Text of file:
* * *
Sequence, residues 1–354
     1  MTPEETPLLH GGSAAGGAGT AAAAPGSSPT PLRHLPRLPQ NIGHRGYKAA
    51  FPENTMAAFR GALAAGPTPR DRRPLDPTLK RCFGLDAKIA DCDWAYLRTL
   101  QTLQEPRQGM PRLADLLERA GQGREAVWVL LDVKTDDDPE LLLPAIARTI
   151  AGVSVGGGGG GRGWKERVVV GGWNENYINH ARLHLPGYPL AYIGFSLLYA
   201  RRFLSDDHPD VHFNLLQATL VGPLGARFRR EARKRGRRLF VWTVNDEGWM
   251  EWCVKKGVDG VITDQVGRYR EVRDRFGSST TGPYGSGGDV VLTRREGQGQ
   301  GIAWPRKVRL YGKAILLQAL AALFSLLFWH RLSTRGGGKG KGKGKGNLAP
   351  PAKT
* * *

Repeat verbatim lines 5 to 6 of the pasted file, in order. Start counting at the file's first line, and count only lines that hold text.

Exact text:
   151  AGVSVGGGGG GRGWKERVVV GGWNENYINH ARLHLPGYPL AYIGFSLLYA
   201  RRFLSDDHPD VHFNLLQATL VGPLGARFRR EARKRGRRLF VWTVNDEGWM